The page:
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Dandelion Wine

Place 1 gallon of dandelion flower heads in a 2-gallon or larger open crock, and pour boiling water over them.

Cover the crock with cheesecloth, and let it sit at room temperature for three days.

Strain well, squeezing out as much liquid as possible.

Put the liquid into a big pot.

Add 3 pounds of your preferred sugar or sweetener, 3 or 4 lemons chopped, and 3 or 4 oranges, chopped.

Bring to a boil.

Cover, and simmer for 30 minutes.

Cool to lukewarm.

Pour into a crock, and add 1-1/2 to 2 packages or tablespoons of yeast.

Cover with cheesecloth and let sit (work) until the bubbling stops (2 to 3 weeks).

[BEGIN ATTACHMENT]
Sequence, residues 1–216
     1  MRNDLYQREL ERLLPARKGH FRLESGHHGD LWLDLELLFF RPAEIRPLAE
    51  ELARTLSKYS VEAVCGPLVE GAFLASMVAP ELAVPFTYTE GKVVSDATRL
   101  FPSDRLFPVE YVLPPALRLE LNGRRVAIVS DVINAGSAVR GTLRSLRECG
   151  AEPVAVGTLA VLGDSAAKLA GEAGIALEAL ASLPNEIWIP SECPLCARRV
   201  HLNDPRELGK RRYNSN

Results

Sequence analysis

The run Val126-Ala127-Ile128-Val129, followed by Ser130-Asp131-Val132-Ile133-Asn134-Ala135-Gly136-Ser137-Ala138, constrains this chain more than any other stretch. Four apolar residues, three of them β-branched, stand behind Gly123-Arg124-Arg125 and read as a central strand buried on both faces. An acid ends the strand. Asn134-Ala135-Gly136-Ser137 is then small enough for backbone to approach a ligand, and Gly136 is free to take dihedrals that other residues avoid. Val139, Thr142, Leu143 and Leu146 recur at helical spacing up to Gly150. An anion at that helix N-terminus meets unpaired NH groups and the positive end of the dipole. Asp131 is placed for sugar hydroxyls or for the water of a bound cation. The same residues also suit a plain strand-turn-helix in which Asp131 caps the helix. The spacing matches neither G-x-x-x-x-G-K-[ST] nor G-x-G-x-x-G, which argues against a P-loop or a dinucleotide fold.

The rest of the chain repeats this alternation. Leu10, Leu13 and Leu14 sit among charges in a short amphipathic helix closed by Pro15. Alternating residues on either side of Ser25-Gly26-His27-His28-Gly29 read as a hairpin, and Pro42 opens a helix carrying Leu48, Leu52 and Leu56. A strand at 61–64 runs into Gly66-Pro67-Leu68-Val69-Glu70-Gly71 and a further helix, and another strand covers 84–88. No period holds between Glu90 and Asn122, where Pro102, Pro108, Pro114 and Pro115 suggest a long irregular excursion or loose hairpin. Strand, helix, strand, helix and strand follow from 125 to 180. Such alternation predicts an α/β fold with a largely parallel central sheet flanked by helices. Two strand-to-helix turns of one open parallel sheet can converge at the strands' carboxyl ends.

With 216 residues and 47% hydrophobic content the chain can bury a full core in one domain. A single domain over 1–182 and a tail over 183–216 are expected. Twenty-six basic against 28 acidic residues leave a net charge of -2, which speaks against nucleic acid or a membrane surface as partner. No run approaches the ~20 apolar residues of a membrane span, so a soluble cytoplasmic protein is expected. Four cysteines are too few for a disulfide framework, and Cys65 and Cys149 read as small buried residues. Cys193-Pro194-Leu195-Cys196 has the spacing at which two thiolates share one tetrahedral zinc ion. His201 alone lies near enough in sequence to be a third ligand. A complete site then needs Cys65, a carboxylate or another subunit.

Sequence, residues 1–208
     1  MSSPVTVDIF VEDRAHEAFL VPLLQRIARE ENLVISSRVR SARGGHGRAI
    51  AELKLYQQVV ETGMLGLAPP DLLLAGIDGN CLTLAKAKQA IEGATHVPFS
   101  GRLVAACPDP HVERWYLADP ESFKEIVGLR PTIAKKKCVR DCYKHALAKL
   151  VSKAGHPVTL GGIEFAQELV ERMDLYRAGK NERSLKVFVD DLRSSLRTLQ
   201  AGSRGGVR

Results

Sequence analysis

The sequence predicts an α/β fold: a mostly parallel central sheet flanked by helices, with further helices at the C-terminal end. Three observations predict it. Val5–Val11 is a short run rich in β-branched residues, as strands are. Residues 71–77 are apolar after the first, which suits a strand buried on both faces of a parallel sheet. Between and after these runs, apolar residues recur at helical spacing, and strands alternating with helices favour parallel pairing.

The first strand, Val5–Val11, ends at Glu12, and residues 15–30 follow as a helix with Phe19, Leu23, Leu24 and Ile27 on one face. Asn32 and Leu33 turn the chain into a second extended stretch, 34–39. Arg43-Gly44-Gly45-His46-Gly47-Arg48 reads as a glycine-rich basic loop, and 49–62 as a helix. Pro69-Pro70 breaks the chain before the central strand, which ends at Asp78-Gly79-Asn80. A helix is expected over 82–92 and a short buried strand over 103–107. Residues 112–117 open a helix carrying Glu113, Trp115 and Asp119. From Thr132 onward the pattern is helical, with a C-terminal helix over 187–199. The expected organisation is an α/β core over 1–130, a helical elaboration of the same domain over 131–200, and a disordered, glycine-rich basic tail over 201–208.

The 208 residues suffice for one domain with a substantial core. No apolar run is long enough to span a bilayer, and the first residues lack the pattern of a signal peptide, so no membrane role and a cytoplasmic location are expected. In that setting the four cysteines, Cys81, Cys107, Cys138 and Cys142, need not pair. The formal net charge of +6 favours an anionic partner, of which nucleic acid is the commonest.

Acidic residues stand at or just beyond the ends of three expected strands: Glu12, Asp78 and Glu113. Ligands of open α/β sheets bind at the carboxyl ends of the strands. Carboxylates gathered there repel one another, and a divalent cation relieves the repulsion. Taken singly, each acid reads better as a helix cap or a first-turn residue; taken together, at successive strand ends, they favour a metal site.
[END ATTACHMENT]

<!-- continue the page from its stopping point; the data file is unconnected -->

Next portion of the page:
Filter through cheesecloth.

Bottle.

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Tossed Salad with

Dandelion Greens

Pick young greens (they’re less bitter), and add to your tossed salad.

 

Sauteed Dandelion Greens

Boil young greens for 5 minutes.

Saute in hot olive oil and garlic for 3 to 5 minutes.

Top with lemon juice, or add to eggs, pasta, etc.

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Dandelion Fritters

After removing as much of the green as possible (to avoid excess bitterness), dip individual flower heads into your favorite batter mix.

Add to a skillet with hot oil, and cook over medium heat until brown.

Drizzle with your favorite sweetener (e.g. honey, maple syrup, jam, powdered sugar).

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Dandelion Pesto

Place 4 cups cleaned, tender, young dandelion leaves in food processor.

Add 1/2 cup walnuts or pecans, 1/2 cup grated Parmesan cheese, and 3 to 5 cloves garlic (peeled and chopped) and 2/3 cup olive oil.

Blend until smooth. 

Salt to taste.